With its emphasis on both individual sport and team games is designed to build the sinews as well as team spirit. Learning to function together with other to build a team is an invaluable art. Sailors would describe this as learning to sink or swim together!

Skill

Did you never wish you had learnt to paint? Or sing? Or open up a car engine? Well here was an opportunity to learn something new. Not in competition, but just for the sheer pleasure of it. The creative instinct in all of us lies dormant, but is easily awakened.

Community  Service

“No man is an Island” said a 14th century poet. We know this to be still as true. Encouraging young people to get involved with the community in which they live was an imperative. Do we teach young people to eternally blame someone else? Or shall we get down to doing what we see needs doing?

Adventure

Every young person thrills to this section. Away from the restrictions of parents – doing and daring. How wonderful to accomplish something you never thought you could do!
The levels of the Award ensured perseverance – that they were not a mere flash in the pan! Anyone can undertake a one-of activity. But sticking with the job, spending time to understand it and to pick up the finer nuances, calls for perseverance. That is not a quality that comes naturally to the impatience of youth, and yes, we all understand how valuable a trait it is.

 

 
 

 

The International Award for Young People was introduced in India in the year 1962 with the view to encourage young people to improve their moral, social and intellectual skills.

Having made a modest beginning in 1962 with only 500 participants a year, today it has grown to 12000 participants per year.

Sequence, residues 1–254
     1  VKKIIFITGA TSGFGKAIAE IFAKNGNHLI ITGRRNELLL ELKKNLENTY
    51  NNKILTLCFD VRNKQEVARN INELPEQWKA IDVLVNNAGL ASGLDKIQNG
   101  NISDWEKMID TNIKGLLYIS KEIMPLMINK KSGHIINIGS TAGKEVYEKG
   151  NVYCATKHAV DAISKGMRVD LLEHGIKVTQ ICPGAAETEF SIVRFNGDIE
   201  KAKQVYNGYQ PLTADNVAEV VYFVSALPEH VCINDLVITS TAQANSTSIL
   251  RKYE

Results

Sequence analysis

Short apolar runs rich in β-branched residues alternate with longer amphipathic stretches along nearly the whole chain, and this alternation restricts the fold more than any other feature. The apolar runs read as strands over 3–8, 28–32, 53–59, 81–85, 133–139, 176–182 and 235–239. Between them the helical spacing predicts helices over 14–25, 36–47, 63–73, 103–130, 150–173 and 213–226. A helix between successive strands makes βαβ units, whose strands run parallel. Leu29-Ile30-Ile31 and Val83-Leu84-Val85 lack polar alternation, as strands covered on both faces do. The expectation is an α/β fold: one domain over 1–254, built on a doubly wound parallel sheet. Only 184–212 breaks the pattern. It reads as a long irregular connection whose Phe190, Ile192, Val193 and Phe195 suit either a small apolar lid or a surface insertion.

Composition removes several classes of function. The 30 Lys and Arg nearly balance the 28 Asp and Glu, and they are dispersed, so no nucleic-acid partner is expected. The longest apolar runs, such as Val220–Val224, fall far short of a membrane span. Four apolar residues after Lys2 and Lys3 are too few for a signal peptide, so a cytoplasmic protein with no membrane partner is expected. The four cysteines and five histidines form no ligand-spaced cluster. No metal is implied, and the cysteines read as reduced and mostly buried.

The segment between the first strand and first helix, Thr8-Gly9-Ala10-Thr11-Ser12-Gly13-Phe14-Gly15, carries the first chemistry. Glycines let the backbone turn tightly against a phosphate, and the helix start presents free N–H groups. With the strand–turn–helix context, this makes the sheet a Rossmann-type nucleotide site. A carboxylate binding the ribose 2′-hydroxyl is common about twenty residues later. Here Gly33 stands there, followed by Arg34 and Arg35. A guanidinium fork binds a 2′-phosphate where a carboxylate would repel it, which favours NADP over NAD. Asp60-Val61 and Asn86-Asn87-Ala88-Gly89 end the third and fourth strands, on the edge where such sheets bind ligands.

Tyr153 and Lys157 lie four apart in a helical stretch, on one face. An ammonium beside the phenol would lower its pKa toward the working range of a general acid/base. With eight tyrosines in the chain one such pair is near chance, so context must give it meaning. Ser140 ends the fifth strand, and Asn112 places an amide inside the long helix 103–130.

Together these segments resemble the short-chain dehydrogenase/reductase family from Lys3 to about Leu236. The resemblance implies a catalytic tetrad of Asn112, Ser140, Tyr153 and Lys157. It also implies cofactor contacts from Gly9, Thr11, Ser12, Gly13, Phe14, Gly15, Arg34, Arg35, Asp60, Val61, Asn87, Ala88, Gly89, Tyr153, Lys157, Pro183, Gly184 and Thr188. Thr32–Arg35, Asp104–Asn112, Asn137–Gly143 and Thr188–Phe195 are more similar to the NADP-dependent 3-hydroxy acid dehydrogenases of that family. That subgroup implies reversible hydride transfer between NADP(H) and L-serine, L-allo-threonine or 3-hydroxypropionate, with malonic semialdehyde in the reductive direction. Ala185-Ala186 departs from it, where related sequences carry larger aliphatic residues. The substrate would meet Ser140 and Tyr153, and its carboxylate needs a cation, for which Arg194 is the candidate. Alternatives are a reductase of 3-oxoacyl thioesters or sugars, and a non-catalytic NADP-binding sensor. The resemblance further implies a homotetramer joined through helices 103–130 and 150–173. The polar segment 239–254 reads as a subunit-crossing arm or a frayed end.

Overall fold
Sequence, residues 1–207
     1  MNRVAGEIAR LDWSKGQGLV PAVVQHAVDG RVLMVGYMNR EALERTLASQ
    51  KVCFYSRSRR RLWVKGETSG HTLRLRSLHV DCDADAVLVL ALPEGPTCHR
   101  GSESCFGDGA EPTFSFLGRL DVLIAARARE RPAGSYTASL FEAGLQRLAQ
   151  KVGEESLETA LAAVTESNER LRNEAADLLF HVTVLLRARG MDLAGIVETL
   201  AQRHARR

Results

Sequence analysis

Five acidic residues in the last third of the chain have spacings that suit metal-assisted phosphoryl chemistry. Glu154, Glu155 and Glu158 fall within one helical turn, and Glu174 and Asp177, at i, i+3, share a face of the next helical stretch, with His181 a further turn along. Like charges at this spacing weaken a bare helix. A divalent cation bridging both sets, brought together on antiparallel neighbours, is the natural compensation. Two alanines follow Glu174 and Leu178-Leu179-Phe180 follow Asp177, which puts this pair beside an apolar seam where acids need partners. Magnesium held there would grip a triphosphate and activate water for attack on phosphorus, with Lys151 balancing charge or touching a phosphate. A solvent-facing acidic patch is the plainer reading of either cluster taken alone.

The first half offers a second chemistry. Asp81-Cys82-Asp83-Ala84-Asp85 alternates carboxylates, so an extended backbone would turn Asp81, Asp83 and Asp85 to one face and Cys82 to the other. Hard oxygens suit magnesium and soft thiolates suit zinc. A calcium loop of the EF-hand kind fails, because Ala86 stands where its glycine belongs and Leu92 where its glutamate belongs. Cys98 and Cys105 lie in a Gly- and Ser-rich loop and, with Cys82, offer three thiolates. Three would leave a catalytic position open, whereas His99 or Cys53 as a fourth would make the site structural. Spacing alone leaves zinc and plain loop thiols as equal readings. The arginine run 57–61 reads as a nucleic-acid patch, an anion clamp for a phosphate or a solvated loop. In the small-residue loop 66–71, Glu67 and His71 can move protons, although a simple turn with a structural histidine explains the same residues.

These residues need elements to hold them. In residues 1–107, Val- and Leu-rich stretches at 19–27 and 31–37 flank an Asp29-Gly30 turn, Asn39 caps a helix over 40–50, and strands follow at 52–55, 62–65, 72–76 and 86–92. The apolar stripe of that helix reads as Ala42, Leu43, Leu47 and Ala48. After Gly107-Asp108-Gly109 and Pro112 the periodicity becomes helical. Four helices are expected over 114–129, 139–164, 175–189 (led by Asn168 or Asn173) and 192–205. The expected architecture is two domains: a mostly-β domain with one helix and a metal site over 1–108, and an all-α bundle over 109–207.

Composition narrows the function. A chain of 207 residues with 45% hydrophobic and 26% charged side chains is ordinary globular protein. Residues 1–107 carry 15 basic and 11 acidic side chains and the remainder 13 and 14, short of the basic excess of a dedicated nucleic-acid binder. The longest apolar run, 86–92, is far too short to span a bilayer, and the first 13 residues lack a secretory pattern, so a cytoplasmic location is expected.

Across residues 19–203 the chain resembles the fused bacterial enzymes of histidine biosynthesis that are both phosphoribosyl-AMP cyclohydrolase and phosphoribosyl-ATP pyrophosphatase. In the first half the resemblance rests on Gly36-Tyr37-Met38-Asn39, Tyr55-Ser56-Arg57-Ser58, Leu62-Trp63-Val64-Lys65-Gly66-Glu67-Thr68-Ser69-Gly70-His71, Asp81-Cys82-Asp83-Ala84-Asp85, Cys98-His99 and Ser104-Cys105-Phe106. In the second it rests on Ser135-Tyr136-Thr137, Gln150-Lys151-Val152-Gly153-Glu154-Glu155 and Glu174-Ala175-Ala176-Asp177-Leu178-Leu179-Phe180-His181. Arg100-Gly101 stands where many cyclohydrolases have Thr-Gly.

The award in India is implemented through Open Award Centres (OAC), which are referred to as youth engaging in society (YES) centres.

The Laidlaw Memorial School has registered with the IAYP programme to encourage our students to find who they really are, in the end of the 2017 and implemented it from the academic year 2018-2019. In order to make ourselves aware of IAYP and its activities we had Mr. Bivujit Mukhoty come down to us on the 16th and 17th of March, 2018 for YES Training Programme. Mr.Mukhoty briefed the team of mentors in our school in details about each tutor of the programme which were service, skills, adventure and physical recreation. The group of mentors in our school consists of Mrs. Clover Everett. Mr.Ramesh.R, Mr. Nandakumar, and Mr. S. Anand Kanagaraj, Mr.Ianom Bareh Nongrum, R.Vasu, Mrs. K.N.B. Rajeswari, Mrs. Anu Davey in our school students of standard X are enrolled under the Bronze level for the IAYP programme. The Bronze level of this programme enables only 14 years to register and serve the society for 6 months.

In the forthcoming years we encourage more students to register in the silver and gold levels which need a minimum of 12 to 18 months to complete.

                                                                                    Ramesh.R

                                                                                    (www.iayp.in)